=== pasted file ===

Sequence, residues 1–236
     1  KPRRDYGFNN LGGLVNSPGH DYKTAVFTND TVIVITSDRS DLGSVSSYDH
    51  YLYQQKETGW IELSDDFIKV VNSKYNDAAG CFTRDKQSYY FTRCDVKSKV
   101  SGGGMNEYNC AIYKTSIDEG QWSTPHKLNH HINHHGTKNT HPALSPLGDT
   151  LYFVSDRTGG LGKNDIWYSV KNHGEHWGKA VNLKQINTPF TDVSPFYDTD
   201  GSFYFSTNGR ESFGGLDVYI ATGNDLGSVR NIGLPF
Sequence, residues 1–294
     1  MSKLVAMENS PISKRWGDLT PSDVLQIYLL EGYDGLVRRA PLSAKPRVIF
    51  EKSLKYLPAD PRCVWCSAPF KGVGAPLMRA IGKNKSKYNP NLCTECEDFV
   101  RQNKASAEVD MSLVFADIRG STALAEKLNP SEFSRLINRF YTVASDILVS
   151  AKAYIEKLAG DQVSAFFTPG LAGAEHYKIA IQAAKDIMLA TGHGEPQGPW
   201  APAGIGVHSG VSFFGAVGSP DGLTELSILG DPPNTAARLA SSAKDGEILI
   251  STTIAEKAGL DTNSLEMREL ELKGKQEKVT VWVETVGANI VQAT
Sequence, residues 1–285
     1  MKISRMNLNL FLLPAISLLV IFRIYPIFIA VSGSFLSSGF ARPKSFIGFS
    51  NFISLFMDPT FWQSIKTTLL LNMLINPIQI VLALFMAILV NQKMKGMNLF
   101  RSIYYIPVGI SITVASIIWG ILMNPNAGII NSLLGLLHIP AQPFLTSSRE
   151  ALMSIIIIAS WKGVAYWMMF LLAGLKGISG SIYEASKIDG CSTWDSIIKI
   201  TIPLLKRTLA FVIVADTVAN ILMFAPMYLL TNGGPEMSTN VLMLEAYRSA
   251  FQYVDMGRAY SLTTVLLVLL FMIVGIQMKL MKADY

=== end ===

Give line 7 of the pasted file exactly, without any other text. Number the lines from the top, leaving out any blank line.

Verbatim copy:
Sequence, residues 1–294